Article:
Vukašinović, Milan

EHESS, Paris / University of Belgrade

Dr. Vukašinović is a Byzantinist who holds a joint PhD in Byzantine history from the École des Hautes Études en Sciences Sociales in Paris and the University of Belgrade. His thesis tackles the questions of ideology and power relations in Byzantine and Serbian narratives from the first half of the 13th century, by bringing together medieval texts and critical theory. His focal points are narrativity and spatiality of human experience. He has also published on social, cultural, and gender history of the 9th and 10th centuries.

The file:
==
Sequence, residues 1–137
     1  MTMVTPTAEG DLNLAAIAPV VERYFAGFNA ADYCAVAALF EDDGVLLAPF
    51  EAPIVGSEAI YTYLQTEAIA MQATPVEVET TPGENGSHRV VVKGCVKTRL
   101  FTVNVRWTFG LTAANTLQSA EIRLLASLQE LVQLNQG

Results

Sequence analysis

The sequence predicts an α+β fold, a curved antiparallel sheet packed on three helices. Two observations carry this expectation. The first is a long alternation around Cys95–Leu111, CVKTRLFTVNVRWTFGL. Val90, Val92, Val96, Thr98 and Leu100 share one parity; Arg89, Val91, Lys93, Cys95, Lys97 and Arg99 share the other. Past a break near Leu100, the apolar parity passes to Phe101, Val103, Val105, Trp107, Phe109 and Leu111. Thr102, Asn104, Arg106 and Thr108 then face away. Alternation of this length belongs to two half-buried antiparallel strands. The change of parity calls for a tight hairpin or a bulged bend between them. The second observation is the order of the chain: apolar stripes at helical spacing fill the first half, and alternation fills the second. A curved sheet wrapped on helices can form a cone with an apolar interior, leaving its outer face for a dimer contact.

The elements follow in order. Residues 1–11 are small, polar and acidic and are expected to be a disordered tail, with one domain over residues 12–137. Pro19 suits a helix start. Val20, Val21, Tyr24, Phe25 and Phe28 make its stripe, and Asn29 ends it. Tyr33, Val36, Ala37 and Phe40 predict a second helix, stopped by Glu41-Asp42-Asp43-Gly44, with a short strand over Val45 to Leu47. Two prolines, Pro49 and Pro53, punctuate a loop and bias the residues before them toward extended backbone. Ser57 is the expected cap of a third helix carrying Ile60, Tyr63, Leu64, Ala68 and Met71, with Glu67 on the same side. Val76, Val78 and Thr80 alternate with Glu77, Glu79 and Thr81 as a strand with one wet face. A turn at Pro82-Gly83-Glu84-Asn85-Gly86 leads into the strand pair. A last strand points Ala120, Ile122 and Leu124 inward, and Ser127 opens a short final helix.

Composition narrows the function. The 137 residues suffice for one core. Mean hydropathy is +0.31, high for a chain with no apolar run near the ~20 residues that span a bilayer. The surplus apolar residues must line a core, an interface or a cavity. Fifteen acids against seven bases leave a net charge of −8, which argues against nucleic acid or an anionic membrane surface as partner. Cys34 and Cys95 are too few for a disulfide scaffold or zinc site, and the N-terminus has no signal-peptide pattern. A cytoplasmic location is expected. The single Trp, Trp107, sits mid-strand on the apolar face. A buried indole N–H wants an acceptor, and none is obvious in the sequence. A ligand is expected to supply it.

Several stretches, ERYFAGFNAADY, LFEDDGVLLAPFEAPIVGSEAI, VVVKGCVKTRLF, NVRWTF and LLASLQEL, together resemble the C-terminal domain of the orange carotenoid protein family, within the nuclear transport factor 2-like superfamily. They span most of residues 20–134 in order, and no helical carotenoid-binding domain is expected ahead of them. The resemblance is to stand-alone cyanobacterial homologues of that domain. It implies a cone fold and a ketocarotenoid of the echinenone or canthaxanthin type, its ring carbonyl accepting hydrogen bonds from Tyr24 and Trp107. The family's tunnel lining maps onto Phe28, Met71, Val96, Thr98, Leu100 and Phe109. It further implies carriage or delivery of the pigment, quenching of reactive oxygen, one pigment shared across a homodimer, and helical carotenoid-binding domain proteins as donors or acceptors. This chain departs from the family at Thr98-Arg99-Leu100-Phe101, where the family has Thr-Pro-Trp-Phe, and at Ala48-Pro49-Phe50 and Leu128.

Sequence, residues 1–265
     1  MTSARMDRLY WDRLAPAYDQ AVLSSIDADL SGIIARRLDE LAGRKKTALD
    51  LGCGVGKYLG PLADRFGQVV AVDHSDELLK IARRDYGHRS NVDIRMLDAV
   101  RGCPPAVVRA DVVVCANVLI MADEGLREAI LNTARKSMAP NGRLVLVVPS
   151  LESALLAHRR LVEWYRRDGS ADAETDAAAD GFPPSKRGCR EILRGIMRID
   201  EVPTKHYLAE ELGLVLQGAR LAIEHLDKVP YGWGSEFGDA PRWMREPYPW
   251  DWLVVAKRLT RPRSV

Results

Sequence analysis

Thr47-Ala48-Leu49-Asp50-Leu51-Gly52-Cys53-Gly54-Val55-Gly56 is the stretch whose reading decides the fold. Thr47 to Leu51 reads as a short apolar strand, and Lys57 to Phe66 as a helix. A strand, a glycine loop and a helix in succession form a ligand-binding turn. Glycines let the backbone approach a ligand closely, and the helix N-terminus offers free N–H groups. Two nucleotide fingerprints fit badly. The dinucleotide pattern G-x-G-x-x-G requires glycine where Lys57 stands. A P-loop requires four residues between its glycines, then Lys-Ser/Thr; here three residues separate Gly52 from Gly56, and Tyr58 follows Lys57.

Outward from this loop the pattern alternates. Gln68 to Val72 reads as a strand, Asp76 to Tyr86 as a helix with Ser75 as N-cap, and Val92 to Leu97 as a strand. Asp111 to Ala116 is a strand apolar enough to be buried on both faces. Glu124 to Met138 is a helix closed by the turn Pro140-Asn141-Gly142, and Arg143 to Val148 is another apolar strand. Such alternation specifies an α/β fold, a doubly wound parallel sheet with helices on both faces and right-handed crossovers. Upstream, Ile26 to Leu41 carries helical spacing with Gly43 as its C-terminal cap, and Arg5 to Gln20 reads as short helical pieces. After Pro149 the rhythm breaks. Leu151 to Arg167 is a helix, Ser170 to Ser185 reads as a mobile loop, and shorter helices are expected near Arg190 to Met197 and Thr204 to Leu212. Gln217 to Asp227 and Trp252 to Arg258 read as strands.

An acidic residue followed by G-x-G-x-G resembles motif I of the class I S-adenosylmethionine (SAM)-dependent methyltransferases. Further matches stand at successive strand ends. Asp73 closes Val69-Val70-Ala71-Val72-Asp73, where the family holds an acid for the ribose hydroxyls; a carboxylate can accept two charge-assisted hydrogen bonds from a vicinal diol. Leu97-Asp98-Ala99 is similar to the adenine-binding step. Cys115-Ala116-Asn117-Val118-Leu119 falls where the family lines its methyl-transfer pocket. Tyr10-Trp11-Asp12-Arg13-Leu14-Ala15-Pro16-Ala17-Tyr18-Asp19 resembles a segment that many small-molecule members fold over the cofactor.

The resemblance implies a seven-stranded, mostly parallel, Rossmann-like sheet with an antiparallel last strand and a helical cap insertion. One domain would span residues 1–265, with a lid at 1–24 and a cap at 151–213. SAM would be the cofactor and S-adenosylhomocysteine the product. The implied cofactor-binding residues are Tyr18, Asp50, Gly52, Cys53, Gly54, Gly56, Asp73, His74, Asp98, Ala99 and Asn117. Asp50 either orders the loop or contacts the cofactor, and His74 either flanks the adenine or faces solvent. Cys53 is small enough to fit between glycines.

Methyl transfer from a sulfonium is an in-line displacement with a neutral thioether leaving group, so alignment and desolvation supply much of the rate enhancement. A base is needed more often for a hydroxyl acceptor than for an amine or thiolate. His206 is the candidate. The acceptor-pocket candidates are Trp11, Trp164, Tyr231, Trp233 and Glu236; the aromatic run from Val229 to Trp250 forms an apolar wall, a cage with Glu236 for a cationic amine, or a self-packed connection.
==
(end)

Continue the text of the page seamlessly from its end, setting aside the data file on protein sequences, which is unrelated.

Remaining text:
His project examines the history of Byzantine Anatolia by addressing the issues of space, its construction, and its relation to the author’s self in the 13th-century ego-narratives and ego-documents. It analyzes the narrative strategies employed by Byzantine authors when telling stories of themselves, the space they inhabited, and their social surroundings, by looking at the autobiographical writings of four men (Nikephoros Blemmydes, Michael VIII Palaiologos, Arsenios Autoreianos, and Gregory of Cyprus), strongly rooted in Byzantine Anatolia and a collection of documents from Lembos Monastery. It challenges the modern preconceptions of a space that can be mapped and questions the emphasis put on ethnic or national identity in modern research.